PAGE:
Provisions in the Northern Ireland government’s Poultry Improvement Bill came in for strong criticism this week in 1968 when it received its second reading in the Ulster Senate.
Describing the bill as a “consolidating measure”, Mr John Andrews, Leader of the House, said that it brought into one comprehensive enactment all the powers of the Ministry of Agriculture to assist the breeding and rearing of poultry.
“The fundamental aim,” said Mr Andrews, “is to provide conditions in which the commercial poultrykeeper can be assured of a regular and dependable supply of good quality, healthy chicks.
“The proposals incorporated in the bill have been discussed with, and accepted by, the Ulster Farmers’ Union and the Northern Ireland Poultry Breeders’ Association through the medium of the Poultry Advisory Committee.”
Mr Andrews said that at that time control was exercised by the Poultry Hatcheries Act of 1950 with which was linked the Accredited Poultry Farms Scheme under the Agriculture Act of 1949.
“The new bill,” Mr Andrews said, “revokes the Poultry Hatcheries Act and brings control of hatcheries and breeding and rearing establishments within the scope of a single act.
“This reflects the process of integration which has taken place within the industry as a result of which hatcheries, breeders and rearers have become closely linked, within a single organisation.”
Saying that he supported the bill generally, Sir George Clarke described it as a “useful attempt to adapt the industry to the needs of the present day”.
However, he would submit that it indicated acceptance by the government of the fact that the day of the small farmer was over.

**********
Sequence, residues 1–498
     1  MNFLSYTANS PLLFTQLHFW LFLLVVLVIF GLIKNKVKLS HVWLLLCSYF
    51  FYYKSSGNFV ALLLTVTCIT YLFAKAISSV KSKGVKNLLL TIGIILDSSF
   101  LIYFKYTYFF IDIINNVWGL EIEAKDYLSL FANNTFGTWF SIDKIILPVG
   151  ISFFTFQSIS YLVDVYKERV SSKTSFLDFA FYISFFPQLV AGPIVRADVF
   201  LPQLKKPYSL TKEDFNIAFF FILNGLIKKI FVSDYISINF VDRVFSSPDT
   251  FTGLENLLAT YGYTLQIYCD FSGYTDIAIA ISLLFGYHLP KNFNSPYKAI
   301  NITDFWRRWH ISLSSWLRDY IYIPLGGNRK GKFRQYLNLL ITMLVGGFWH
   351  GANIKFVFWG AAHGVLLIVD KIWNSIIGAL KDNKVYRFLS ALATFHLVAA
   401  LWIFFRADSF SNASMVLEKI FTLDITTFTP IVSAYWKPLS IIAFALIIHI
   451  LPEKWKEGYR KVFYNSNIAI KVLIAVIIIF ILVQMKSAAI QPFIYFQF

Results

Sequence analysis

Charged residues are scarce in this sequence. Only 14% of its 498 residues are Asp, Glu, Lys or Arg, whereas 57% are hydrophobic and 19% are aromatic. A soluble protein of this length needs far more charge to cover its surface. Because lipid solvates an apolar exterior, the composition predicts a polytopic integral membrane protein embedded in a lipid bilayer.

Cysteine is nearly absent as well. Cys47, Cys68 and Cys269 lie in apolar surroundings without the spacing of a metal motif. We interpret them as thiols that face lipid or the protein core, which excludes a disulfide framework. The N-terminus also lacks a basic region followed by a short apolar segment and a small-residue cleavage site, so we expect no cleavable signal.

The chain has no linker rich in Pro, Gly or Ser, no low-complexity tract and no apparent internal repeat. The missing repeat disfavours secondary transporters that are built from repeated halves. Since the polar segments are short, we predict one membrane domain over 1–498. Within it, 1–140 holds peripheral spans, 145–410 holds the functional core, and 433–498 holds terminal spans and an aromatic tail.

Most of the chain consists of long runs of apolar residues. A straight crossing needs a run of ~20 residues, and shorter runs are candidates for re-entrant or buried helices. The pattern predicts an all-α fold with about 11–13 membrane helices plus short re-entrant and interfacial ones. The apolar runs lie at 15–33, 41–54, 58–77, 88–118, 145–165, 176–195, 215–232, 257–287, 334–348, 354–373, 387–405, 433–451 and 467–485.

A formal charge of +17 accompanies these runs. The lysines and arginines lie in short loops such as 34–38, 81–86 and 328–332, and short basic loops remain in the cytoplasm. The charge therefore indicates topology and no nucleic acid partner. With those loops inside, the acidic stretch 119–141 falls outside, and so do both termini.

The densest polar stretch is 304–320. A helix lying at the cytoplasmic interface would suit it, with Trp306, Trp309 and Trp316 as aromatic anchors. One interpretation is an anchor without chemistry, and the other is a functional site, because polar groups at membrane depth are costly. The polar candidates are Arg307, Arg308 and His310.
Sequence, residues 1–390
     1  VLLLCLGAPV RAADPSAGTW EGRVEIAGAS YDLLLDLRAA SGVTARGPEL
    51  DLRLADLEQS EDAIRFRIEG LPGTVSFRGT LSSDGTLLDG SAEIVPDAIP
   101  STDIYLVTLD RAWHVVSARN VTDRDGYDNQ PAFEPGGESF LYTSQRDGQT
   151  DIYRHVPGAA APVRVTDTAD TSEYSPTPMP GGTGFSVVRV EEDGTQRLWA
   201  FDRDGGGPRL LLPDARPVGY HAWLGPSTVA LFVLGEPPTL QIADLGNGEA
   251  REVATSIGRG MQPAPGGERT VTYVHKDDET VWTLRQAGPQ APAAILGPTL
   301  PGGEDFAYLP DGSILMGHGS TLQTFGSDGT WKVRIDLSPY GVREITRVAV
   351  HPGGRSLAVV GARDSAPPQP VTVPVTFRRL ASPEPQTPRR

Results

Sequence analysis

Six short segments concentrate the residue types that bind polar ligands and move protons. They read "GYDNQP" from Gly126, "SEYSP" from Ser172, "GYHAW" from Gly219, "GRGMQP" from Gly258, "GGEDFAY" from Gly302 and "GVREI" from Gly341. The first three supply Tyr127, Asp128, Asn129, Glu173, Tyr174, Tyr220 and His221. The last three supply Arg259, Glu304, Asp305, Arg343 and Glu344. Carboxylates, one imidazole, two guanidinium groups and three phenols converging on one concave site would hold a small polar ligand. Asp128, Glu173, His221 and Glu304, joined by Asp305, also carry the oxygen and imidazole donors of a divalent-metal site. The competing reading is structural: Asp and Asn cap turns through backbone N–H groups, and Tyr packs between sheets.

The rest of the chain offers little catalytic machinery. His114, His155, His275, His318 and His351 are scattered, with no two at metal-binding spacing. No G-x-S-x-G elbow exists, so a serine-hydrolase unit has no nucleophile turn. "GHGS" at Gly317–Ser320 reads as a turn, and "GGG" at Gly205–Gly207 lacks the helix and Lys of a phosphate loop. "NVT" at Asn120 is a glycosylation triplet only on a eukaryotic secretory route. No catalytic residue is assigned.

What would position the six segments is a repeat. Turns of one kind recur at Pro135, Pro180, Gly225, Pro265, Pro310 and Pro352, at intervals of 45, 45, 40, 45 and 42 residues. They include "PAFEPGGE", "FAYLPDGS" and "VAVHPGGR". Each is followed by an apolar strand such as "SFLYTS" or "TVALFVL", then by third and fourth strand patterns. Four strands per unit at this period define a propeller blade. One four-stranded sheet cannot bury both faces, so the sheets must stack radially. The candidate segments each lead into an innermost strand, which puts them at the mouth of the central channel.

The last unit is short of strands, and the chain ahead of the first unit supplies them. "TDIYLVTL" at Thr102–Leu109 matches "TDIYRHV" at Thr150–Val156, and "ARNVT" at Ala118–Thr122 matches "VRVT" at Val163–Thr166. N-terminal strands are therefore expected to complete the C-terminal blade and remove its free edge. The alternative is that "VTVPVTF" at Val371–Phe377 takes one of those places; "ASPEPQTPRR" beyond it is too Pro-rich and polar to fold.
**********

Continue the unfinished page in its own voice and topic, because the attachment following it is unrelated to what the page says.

“The large industrial hatchery, or the large producer will be the only people able to compete successfully with the legislation which we intend to put through,” he said.
The ministry, he added, would have unlimited powers to do exactly what it liked or, to his mind, to nationalise the whole industry and run it as it chose.
He declared: “As it stands this bill will be no friend of the small farmer. There is going to be an enormous amount of additional bookkeeping not only for the farmer but for the ministry, which will mean a further increase in bureaucracy. Whether this is the intention of the ministry and exactly where the money is going to come from I do not know.”
Dr Patrick McGill said that he doubted very much whether the bill would do anything for the ordinary farmer except add to his worries and “confirm him in his resolve that the sooner he got out of farming the better”.
Dr McGill added: “This bill will be a contribution to the denuding of the agricultural industry throughout Northern Ireland. Its ultimate effect will be to wipe small holdings out completely. After they have gone the medium-sized farms will go; they must because the market, as it is emerging will not give them a fair show.”
Dr Herbert Quinn said that the bill would seem to impose “a good many obligations on people who might not even be farmers, but people who might have a hen run with four or five birds”.
“They have go to decide,” he said, “whether they are going to be allowed to continue or whether they have to be licensed to improve their flock under some scheme not yet defined for the purposes of improving the standard to poultry generally.”
Dr Quinn said that there was too much bureaucracy in the measure.
He said: “Everything is subject to approval of an inspector. When one starts to think of the many people in Northern Ireland who keep a few fowl one wonders how many inspectors are going to be needed.”
In reply to these comments Mr Andrews said: “Some Senators seem to have the idea that if the bill becomes law and these rules and regulations are made it will no longer possible for a small farmer or his wife to keep poultry. I am informed that this is not the intention of the bill.”
Mr Andrews added: “If they wish, the small farmer or his wife will be able to rear a few chicks. They can rear them either for killing or for eating. It is not the intention to interfere with that sort of small effort on a farm.”